The rise of the Chinese tech giant

Is there anything that
Chinese conglomerate
Alibaba Group doesn’t sell?
For your next beach vacation,
you could book fights
on Alibaba-owned Alitrip,
buy sunscreen on Alibaba’s
Tmall, and archive your sunkissed
selfes on Kanbox,
Alibaba’s cloud-storage
platform. And with Alipay,
a payments platform similar
to PayPal, you could do
it all via digital wallet.
When Alibaba introduced
Alipay in 2004, it was
a signal that the then-fveyear-old
company’s growing
ambitions extended beyond
pure retail. Still, it would
have been hard to imagine
that a decade later Alibaba
would achieve the largest
IPO in history, a $25 billion
debut on the New York Stock
Exchange. At the time of
Alipay’s launch, only 7%
of shoppers in China had
access to the Internet, and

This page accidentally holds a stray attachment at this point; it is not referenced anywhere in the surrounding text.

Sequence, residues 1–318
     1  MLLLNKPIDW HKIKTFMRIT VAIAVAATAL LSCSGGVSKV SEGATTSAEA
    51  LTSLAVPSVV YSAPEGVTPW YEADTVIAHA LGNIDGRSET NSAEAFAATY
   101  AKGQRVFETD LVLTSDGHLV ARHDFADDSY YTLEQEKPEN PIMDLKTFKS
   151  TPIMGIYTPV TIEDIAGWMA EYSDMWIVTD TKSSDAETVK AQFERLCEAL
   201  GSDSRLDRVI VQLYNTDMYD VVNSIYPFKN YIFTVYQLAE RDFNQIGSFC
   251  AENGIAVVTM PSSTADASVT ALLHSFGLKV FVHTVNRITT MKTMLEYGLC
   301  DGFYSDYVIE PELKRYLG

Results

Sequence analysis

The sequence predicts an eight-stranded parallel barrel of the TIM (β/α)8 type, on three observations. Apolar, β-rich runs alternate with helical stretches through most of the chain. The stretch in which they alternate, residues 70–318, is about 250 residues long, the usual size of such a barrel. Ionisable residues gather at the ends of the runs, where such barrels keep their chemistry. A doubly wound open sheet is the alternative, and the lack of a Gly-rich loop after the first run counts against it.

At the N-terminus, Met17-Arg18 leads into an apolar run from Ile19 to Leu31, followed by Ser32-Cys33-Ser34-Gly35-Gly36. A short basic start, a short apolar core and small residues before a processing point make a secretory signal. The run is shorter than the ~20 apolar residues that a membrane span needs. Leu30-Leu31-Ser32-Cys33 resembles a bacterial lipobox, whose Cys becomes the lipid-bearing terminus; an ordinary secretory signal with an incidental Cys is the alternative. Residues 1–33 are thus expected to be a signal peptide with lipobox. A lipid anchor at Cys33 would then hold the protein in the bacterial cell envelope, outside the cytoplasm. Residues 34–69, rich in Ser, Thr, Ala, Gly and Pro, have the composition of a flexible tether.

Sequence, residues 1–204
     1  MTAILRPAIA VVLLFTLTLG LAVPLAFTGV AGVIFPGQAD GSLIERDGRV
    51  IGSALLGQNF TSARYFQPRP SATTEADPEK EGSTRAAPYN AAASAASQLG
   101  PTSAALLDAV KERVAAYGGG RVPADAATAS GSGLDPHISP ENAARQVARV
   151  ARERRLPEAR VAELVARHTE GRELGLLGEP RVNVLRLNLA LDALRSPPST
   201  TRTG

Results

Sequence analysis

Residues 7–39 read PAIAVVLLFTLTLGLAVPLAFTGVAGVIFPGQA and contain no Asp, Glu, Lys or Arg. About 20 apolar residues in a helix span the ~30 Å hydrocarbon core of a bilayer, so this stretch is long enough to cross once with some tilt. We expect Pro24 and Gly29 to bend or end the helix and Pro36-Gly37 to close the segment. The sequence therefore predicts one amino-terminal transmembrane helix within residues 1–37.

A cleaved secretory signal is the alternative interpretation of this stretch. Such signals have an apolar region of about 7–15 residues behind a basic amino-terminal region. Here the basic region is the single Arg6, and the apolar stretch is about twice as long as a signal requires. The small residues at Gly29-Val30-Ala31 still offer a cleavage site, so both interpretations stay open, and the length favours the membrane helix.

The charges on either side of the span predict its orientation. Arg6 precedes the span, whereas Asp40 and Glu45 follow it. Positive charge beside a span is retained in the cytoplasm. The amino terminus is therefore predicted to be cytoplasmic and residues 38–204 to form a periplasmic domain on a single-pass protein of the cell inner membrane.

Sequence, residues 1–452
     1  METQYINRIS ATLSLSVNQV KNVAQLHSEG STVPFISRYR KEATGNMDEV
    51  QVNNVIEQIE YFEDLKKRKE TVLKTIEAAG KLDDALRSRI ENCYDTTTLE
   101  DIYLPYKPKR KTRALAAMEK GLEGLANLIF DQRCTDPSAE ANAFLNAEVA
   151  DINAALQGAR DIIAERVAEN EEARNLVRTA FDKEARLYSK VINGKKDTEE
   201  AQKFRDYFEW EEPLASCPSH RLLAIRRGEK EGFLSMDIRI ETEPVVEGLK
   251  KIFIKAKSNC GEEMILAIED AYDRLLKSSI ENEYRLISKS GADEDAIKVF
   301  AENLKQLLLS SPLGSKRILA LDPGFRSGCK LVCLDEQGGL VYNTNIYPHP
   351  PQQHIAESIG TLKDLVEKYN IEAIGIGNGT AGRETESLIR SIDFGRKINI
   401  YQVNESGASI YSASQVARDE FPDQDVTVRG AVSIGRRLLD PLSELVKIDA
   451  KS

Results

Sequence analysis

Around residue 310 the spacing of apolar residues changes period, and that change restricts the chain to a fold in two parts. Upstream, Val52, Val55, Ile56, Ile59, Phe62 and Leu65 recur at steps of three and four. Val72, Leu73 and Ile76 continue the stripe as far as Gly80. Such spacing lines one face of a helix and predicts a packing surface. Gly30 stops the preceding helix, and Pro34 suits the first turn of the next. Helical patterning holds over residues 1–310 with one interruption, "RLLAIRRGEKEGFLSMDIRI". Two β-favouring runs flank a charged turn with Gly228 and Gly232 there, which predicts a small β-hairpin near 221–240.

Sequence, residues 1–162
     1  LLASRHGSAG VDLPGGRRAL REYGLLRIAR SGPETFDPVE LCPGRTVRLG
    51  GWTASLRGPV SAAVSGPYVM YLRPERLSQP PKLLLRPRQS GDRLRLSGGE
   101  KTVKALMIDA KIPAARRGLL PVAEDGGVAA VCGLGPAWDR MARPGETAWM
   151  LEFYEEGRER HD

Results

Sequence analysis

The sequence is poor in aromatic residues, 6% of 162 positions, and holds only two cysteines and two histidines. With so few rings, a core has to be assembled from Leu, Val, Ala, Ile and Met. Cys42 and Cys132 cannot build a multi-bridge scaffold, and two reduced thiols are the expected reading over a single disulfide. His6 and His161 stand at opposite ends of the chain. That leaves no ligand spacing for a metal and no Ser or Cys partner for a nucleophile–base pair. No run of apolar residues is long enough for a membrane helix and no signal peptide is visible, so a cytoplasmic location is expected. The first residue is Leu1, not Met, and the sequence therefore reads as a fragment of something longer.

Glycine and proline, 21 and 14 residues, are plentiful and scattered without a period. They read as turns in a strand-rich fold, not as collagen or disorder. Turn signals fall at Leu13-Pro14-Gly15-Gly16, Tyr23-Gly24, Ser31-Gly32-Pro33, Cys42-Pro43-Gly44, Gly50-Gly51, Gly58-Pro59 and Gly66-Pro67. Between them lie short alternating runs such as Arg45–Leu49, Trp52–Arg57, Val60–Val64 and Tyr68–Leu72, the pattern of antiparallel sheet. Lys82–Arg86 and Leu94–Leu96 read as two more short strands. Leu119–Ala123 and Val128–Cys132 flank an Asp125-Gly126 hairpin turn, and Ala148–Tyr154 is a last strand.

the e-commerce market was
worth just $750 million.
Then, revolution arrived.
Alibaba founder Jack Ma
anticipated the value that
smartphones would unleash
when paired with the consumer
demand of China’s
fast-growing middle class.
His strategy: to become
the one-stop shop for
mobile consumers, with
Alipay as the central infrastructure.
Retail, messaging,
transportation—if there’s
an app for it, there’s an
Alibaba solution on hand.
Now the annual transaction
volume on Alibaba’s primary
e-commerce platforms is
more than double what consumers
spend on Amazon.
But there are challenges
ahead. In China, competitors
like Tencent’s JD.com
are gaining share of the
e-commerce market. At the
same time, signs of slowing

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